Stairs to the bedroom.

Stairs to the bed room. Photograph: Ben Blossom

Her bed room is panelled in birch-faced ply. Light and privateness are managed through a sliding spruce display screen behind which frosted glass conceals a jumbled Victorian roofscape. The result’s what Rimel calls a “sublime experience… It’s a Zen cube, like sleeping in a tomb.” The unheated room is introspective and contemplative. There is simply a mattress, a Rubn ground lamp and a small stack of books. “I find the space deeply relaxing, and I need that in London. I have a busy, cluttered mind and this is a space to decompress.” She meditates most days, so she is saving up for a Michael Anastassiades marble meditation stool to go within the nook. Bespoke storage is constructed into the eaves to hide her assortment of classic clothes – a riot of color shut away behind the white oiled panels.

Throughout the condominium, coherence is created with the usage of humble supplies: brick, brass, ply, resin and metal. There can be mathematical consideration to element: the bespoke vertical plywood door handles are the identical thickness and size because the treads on the plywood staircase. The uncovered fringe of the kitchen counter is double that thickness. Even a Rowlett Rutland toaster has been chosen for its proportionality. This is undoubtedly the creation of a perfectionist (Rimel asks to tidy the coat hangers earlier than the photographer captures her closet).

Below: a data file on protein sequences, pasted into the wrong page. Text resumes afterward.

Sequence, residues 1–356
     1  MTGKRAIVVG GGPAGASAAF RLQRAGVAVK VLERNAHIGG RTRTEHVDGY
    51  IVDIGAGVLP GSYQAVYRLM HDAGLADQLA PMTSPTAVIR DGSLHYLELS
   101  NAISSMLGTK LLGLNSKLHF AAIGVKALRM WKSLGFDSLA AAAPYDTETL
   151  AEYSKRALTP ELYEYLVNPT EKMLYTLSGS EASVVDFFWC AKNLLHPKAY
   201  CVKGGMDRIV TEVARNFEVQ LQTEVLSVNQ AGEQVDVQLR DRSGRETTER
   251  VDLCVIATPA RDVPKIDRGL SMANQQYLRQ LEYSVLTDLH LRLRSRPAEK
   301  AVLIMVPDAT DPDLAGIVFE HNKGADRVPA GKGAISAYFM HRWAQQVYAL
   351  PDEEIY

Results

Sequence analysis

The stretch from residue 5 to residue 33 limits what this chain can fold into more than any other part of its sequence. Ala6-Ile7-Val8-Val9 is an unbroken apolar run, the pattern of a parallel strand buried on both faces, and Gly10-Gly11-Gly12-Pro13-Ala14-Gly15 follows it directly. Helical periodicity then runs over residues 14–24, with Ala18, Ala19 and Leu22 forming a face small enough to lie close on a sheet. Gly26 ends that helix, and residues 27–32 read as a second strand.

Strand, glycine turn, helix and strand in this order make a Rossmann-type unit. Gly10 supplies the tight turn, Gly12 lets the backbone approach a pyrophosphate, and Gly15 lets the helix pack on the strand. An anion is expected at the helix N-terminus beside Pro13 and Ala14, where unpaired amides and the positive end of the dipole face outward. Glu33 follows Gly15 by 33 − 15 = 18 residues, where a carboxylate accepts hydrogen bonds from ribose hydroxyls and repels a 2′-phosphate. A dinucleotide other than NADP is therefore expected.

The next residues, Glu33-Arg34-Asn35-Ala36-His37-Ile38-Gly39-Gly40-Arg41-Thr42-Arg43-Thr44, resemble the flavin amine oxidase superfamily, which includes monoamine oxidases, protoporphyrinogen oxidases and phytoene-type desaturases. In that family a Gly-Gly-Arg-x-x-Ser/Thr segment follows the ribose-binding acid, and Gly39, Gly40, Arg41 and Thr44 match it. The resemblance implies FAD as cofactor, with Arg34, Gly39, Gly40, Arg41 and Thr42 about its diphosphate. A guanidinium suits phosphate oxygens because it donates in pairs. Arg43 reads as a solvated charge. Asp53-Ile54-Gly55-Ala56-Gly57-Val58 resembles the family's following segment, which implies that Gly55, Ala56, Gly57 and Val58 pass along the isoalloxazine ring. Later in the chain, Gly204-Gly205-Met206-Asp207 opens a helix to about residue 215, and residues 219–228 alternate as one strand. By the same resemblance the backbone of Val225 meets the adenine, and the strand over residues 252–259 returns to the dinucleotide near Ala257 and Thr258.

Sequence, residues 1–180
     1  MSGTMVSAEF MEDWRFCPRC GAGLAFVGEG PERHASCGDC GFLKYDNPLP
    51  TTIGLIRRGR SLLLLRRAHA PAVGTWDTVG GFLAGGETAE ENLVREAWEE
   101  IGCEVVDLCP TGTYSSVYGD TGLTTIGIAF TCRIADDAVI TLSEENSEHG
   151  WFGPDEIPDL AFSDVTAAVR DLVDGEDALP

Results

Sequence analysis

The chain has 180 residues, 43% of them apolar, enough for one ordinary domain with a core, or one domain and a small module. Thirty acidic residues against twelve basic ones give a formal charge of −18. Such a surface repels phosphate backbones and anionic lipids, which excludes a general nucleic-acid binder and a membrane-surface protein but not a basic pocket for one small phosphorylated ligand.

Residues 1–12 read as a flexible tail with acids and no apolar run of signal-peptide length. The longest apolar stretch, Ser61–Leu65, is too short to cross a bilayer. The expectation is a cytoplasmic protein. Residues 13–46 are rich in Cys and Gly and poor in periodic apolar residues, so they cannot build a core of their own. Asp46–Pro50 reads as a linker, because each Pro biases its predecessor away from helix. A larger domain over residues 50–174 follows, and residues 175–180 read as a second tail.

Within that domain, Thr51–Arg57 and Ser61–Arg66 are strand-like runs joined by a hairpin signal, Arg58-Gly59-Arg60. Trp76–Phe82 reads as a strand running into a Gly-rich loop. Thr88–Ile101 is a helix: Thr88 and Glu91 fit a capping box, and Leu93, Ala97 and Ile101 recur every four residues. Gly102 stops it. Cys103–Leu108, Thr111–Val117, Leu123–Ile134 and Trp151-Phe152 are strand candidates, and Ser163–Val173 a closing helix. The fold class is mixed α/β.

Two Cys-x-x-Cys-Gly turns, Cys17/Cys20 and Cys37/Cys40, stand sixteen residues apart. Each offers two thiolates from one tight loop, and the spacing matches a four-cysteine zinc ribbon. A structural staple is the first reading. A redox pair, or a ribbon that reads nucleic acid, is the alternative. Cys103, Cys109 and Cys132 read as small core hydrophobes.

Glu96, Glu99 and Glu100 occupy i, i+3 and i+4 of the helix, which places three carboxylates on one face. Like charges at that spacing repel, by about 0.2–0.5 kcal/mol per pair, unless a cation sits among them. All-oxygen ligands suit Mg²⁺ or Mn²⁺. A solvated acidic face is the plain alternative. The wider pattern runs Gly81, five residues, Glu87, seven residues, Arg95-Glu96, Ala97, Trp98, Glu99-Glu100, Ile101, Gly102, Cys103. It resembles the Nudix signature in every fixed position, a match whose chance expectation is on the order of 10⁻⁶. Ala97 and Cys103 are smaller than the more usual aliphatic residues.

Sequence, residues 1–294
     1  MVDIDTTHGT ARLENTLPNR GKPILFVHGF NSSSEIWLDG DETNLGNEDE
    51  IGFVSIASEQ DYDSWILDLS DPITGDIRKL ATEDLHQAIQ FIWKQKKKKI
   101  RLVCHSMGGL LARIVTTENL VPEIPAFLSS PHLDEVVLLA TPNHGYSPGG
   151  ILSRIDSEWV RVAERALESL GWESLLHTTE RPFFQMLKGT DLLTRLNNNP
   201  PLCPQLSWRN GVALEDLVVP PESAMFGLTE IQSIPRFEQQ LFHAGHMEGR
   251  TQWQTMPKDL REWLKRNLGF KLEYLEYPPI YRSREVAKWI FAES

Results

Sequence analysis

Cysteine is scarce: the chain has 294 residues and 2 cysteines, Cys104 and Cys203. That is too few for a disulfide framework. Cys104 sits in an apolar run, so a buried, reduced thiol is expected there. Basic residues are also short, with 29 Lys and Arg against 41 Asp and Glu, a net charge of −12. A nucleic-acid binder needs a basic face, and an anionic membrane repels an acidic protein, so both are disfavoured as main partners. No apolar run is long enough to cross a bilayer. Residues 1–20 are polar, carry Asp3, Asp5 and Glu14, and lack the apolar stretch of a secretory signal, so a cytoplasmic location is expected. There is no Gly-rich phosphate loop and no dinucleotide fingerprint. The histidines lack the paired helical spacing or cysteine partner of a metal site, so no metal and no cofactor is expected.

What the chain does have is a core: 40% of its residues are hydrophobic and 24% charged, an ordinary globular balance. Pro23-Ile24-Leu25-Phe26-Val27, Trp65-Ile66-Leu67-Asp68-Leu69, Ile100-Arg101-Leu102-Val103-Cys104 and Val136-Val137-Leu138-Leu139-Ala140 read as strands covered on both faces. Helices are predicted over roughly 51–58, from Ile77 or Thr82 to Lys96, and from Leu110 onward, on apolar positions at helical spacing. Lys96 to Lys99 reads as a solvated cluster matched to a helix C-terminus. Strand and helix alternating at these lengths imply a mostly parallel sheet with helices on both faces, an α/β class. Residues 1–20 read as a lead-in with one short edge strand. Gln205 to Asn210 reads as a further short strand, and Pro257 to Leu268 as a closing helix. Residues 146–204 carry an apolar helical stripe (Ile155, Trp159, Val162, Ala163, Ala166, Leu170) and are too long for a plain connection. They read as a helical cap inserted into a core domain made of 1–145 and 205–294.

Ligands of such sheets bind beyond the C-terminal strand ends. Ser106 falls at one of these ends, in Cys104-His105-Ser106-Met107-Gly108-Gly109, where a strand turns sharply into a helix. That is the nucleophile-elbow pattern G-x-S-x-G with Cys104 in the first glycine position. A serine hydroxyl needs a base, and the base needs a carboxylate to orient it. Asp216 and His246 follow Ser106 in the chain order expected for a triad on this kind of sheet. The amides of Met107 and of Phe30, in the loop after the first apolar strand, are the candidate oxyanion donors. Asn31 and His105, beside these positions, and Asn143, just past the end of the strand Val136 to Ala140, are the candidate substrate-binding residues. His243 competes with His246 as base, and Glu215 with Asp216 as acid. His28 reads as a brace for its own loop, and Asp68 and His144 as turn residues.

Her fastidiousness is tempered by hidden layers of that means. A cream pom-pom bedspread, for instance, belonged to her mom when she was a baby; Rimel had it reshaped to suit her mattress. In the kitchen, alongside the painstakingly thought-about home equipment (the Sori Yanagi kettle, the white oven) there are concessions to humour, resembling a toy smoking banana that sits on prime of a plug socket, and an enormous plastic lobster that hung in her grandmother’s kitchen for over 50 years.

In the toilet, she reveals me a “journey jar” made by the Welsh ceramicist Adam Buick. It’s a easy stoneware vessel inlaid with a white porcelain “path” impressed by a seaside her grandmother as soon as lived on outdoors Boston. When her grandmother died, Rimel commissioned 3 jars: 1 for her, 1 for sister and 1 for her mom.

The kitchen.

The kitchen. Photograph: Ben Quinton for the Guardian

Though uncannily uncluttered, it is a house that works for Rimel: a curated house with hidden quirks and significant keepsakes; a spot to assume and never assume. “There are so many things that give me joy here,” she says. “I find it endlessly entertaining.”

House guidelines

Minimalist bathroom.

Minimalist lavatory. Photograph: Ben Blossom

Pet interiors hate Playing it protected.
Your largest extravagance A skylight over the bathtub.
Worst adorning mistake A too-harsh suspension mild: ‘warm’ LED is a misnomer. At least it’s dimmable.
Most treasured possession Mrs Blood, my life-size plastic lobster.
What would we by no means see in your home? A tv.
One factor you’d change about your house I’d re-pour the resin ground.
What wants fixing? A cracked window pane.
Your worst house behavior Putting soiled dishes within the dishwasher in with clear, then re-running it.
Guiltiest pleasure Afternoon naps within the hammock.
What would we discover in your fridge? Blueberries, spinach, carrots, hummus, almond milk, champagne… and wind-up sushi toys (for fun).